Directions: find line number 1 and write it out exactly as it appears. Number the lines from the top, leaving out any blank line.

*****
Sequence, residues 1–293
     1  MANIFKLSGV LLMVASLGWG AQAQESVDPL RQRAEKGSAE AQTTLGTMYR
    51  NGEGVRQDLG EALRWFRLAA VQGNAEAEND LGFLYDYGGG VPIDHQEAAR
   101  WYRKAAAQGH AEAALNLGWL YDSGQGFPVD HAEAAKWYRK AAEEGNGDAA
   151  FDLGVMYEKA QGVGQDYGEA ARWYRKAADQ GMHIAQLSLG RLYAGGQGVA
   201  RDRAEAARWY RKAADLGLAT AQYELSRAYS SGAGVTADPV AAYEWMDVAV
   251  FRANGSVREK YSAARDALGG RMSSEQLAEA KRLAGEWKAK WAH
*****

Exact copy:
Sequence, residues 1–293